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The legendary Arthur Lydiard training program is often misunderstood, even by people who believe that they fully understand his methodology.
Einstein’s parable of quantum insanity, “trying the same thing over and over and expecting a different result (each time),” may be at play here. The Athletics Integrity Unit’s (AIU) job is to manage the integrity of the sport of athletics. The AIU is wholly independent of World Athletics and harbours total authority. The AIU is the first of its kind in the world of sports. It is a sad indictment of the sport that the AIU was created.
The AIU has done great work, however, Kenyan athletes are not getting the message.
According to World Athletics President, Sebastian Coe, “The Athletics Integrity Unit will support athletes in making the right decisions and choices throughout your careers. It will help each of you to know the rules, gain knowledge and experience and share that knowledge and experience with confidence.”
Money speaks loudest for anyone desperately in need, no matter how morally corrupt stealing may be; it’s survival first, rules second.
For example, Kenyan Diana Kipyokei has been banned for six years and had her 2021 Boston Marathon win annulled. The Kenyan tested positive for performance-enhancing drugs (PEDs). She also provided doping control officers with false information. She is one of roughly 30 or more athletes banned from Kenya in 2022. Some media are guessing that between 60 and 70 athletes are currently serving suspensions from the East African nation.
The 28-year-old returned a positive test for a metabolite of triamcinolone acetonide (a corticosteroid) from a sample taken after she had won the 2021 Boston Marathon.
Triamcinolone acetonide, is a banned substance in competitive sports, as it reduces weight and increases strength and endurance. Several Kenyan marathon runners have been found to have taken the drug. It is more typically used to treat skin issues.
Diana Kipyokei (L), the 2021 Boston Marathon champion, has been stripped of her title due to a violation of World Athletics Anti-Doping Rules. The title has now been awarded to Edna Kiplagat (R). She has been prohibited from participating in athletics for 6 years.— geeksonfeet (@geeksonfeet) December 21, 2022
Kipyokei provided misleading information, “including fake documentation which she alleged came from a hospital,” according to the Athletics Integrity Unit (AIU).
She chose not to appeal the charges.
Kipyokei won Boston in the time of 2:24:45, beating fellow Kenyan Edna Kiplagat by 24 seconds. Edna Kiplagat, who was age 41 at the time, has been upgraded to the champion position. The win makes Kiplagat the oldest runner to win the Boston Marathon dating back to 1897.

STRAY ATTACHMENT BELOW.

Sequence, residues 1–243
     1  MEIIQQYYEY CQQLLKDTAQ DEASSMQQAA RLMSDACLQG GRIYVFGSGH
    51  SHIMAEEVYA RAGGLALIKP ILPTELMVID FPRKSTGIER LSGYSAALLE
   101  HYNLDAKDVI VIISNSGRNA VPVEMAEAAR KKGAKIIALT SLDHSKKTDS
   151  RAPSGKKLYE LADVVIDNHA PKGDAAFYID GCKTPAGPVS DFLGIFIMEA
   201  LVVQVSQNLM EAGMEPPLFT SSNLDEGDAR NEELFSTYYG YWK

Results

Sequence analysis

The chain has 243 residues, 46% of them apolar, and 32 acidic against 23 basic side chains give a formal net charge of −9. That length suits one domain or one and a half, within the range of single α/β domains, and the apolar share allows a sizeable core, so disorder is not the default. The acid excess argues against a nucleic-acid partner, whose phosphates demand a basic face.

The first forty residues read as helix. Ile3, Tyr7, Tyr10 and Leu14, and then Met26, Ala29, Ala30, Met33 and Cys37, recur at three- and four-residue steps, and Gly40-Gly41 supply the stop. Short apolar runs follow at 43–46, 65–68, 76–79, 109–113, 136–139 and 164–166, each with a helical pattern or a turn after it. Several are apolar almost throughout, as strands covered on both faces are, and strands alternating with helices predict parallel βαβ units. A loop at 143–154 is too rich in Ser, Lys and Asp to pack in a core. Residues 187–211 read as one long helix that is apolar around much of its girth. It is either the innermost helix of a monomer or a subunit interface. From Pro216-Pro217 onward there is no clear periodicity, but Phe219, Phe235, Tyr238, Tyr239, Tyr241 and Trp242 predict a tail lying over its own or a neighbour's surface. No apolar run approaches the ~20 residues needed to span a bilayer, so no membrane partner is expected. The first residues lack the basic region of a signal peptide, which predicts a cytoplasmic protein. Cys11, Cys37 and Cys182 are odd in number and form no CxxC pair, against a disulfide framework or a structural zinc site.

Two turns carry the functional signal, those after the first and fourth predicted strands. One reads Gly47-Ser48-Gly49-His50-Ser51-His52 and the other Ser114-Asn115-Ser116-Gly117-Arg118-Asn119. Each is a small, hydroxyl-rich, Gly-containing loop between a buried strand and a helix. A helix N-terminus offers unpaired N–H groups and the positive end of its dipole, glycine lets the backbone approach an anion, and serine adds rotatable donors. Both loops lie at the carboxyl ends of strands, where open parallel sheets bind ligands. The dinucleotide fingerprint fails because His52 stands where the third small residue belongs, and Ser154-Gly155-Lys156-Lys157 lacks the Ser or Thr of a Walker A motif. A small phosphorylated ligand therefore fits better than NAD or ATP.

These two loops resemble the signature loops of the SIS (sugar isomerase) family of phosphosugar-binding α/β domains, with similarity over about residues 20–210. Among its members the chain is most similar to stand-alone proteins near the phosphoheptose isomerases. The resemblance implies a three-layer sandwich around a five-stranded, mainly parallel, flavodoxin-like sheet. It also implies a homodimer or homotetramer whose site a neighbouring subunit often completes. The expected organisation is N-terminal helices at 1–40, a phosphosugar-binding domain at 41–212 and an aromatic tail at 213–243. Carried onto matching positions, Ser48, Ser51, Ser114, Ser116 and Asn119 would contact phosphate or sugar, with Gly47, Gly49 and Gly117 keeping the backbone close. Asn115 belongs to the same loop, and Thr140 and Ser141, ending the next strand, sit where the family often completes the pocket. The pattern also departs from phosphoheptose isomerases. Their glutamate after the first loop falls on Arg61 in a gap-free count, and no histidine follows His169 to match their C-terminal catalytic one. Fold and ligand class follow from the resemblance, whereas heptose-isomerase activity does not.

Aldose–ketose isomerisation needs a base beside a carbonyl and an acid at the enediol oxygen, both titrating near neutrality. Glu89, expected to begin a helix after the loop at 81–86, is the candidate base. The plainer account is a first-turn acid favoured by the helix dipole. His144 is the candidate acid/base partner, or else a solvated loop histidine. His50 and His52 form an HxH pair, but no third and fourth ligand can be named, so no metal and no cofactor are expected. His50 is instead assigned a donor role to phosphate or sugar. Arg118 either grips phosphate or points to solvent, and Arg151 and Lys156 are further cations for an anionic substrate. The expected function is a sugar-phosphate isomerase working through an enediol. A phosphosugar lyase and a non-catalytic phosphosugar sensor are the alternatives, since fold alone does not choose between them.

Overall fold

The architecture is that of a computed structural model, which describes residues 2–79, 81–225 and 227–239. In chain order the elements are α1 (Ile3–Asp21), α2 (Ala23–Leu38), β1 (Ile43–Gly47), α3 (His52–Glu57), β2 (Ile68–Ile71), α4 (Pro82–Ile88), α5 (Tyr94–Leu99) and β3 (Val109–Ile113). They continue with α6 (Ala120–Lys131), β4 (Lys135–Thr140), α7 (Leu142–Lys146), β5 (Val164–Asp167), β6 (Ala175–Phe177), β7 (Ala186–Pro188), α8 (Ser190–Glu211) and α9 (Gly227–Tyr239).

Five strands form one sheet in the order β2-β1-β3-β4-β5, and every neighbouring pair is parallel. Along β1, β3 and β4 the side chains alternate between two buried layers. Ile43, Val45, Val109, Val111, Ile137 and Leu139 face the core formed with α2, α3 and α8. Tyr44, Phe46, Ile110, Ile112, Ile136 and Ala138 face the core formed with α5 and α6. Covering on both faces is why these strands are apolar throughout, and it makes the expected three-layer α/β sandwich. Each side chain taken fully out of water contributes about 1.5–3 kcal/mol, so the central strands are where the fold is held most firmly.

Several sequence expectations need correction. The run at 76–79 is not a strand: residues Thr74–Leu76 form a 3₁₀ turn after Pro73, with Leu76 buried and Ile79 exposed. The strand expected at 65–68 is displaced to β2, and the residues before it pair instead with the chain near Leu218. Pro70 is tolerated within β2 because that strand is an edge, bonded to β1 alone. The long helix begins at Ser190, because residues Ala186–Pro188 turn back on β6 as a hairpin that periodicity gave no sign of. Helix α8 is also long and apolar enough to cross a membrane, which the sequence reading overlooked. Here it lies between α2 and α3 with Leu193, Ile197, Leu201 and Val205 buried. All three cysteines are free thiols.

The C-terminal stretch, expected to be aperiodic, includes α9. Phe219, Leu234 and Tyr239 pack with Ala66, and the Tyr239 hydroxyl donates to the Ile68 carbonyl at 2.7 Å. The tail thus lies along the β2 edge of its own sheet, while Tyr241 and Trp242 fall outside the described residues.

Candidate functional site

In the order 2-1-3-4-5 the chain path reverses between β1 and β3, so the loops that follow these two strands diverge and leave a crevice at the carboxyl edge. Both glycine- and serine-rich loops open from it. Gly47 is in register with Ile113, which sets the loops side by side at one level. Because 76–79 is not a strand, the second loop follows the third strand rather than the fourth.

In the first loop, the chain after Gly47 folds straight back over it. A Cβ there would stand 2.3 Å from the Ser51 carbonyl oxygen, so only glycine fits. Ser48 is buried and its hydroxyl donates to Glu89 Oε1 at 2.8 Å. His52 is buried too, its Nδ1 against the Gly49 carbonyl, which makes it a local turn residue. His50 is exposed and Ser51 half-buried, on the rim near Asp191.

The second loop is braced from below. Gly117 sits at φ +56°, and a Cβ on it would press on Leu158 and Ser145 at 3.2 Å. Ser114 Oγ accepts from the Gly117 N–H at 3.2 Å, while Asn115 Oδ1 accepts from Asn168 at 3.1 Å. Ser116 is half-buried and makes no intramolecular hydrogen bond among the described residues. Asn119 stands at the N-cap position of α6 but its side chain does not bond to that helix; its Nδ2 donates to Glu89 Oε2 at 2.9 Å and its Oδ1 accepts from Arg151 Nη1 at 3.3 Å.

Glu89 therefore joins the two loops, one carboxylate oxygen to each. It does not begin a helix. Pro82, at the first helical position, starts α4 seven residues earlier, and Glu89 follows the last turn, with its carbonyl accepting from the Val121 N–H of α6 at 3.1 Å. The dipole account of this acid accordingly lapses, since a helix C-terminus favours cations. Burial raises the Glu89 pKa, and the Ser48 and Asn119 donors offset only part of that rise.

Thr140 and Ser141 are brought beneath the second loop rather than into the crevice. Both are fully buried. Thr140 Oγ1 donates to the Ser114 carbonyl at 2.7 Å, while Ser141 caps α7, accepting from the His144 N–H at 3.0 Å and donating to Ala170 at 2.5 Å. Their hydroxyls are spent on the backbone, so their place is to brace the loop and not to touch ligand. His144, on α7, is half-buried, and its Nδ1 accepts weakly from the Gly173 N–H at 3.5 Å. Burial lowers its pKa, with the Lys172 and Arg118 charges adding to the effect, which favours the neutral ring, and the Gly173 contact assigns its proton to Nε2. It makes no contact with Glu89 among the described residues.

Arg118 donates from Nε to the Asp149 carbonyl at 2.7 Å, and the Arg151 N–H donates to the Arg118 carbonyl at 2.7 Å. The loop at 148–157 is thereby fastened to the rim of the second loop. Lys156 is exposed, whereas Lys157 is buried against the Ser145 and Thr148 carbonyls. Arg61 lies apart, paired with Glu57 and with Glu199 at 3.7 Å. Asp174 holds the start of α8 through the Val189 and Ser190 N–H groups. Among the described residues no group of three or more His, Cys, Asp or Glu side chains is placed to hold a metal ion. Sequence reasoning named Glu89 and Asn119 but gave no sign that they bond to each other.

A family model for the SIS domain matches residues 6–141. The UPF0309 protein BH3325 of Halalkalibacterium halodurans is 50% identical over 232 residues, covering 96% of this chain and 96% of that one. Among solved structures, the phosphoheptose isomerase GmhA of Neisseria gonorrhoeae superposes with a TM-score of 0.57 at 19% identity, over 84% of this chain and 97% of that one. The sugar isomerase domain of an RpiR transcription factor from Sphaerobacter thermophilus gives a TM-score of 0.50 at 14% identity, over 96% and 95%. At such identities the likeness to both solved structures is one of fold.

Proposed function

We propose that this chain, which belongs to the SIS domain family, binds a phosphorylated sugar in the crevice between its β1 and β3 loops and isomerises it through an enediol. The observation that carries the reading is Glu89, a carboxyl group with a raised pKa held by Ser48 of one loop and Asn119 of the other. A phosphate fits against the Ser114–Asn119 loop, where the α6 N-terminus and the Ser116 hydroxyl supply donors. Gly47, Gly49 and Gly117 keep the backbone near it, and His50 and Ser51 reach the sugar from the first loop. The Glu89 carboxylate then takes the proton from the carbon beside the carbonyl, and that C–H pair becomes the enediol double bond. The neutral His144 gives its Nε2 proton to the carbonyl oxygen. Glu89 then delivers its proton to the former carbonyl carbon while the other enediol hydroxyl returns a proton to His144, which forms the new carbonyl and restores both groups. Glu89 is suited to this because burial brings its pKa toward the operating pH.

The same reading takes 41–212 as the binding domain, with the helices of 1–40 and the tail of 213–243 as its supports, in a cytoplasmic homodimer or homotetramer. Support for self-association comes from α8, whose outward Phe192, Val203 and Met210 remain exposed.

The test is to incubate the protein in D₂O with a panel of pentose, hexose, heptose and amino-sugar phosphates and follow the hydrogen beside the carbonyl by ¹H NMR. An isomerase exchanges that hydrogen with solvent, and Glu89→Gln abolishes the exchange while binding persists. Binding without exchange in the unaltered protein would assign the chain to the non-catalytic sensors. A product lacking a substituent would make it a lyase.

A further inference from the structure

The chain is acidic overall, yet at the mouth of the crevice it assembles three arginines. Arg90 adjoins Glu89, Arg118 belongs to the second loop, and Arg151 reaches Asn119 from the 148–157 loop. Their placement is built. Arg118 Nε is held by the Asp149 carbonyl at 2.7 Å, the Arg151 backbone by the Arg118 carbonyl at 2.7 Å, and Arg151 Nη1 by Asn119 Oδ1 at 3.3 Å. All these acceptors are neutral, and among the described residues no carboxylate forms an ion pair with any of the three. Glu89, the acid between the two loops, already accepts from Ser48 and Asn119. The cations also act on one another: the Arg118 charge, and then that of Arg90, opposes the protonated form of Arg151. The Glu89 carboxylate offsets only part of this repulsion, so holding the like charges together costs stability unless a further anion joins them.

Kipyokei is the second Boston Marathon winner to be stripped of their title. Fellow Kenyan Rita Jeptoo also had her 2014 win disqualified for doping as well as her New York title.
She holds a personal best of 2:22:06 from the 2020 running of the Istanbul Marathon. Her 10K road best is 30:23, while her half-marathon pb is 67:07 from the 2018 Valencia Half Marathon.
Kipyokei’s six-year period of ineligibility, started on June 27, 2022 (the date on which she was provisionally suspended by the AIU), while her results have been disqualified since and including October 11, 2021.
Kenya recently escaped a nationwide ban by the World Athletics Council. The council met in Rome for two days at the end of November and decided on a number of issues, one of them being the Kenyan doping situation. They decided to put more resources into helping Kenya stamp out the doping scourge.
If the AIU has absolute power, perhaps it should be given the ability to suspend a nation that is on the Category-A watch list and has hit a certain number of doping positives.
Second marathon runner suspended
The AIU also announced that fellow Kenyan marathon runner Purity Rionoripo has received a five-year ban for similar offences.
Rionoripo won the 2017 Paris Marathon and finished second at the World Cross Country Championships.
Rionoripo’s sample taken in May during an out-of-competition test, which revealed the presence of furosemide, which is a diuretic.
“In her explanation, she claimed to have been prescribed medication by a doctor at a hospital to treat an ankle injury and presented supporting documentation. However, investigations revealed that, though Rionoripo was treated at the hospital, she had altered her prescription form to include Lasix [the commercial name for furosemide],” the AIU said.
Rionoripo could have been banned for six years but received a one-year reduction “due to an early admission and acceptance of the sanction,” the AIU said.